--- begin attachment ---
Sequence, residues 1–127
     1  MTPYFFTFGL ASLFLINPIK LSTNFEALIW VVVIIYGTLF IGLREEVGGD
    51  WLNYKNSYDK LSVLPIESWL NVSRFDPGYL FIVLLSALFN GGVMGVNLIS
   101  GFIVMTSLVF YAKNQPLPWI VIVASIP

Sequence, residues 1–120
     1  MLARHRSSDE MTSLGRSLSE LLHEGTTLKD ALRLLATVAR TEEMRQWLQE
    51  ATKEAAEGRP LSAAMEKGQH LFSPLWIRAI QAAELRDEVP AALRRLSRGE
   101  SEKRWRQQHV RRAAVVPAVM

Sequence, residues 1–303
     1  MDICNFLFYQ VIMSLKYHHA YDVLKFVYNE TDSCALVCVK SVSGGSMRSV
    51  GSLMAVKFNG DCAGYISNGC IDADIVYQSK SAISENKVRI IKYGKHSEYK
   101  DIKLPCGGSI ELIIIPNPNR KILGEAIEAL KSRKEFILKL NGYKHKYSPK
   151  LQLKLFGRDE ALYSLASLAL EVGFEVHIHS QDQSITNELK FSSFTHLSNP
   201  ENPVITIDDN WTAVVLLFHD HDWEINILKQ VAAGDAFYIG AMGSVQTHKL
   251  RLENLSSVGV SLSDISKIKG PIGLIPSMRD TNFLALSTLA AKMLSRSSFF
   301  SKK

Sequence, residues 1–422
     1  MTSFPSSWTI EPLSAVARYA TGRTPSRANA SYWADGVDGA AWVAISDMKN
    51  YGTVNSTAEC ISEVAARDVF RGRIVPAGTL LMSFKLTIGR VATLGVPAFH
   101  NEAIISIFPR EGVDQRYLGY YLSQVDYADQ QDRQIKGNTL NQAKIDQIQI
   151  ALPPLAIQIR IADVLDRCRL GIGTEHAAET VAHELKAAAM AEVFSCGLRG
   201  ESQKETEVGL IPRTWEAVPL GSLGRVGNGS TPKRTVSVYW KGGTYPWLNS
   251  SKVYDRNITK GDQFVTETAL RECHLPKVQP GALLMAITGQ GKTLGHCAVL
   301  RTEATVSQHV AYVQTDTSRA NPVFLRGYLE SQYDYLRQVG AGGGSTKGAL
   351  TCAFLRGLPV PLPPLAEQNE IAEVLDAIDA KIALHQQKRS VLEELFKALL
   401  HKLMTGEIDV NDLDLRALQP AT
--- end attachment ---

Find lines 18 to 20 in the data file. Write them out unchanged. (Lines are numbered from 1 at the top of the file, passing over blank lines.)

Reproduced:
     1  MTSFPSSWTI EPLSAVARYA TGRTPSRANA SYWADGVDGA AWVAISDMKN
    51  YGTVNSTAEC ISEVAARDVF RGRIVPAGTL LMSFKLTIGR VATLGVPAFH
   101  NEAIISIFPR EGVDQRYLGY YLSQVDYADQ QDRQIKGNTL NQAKIDQIQI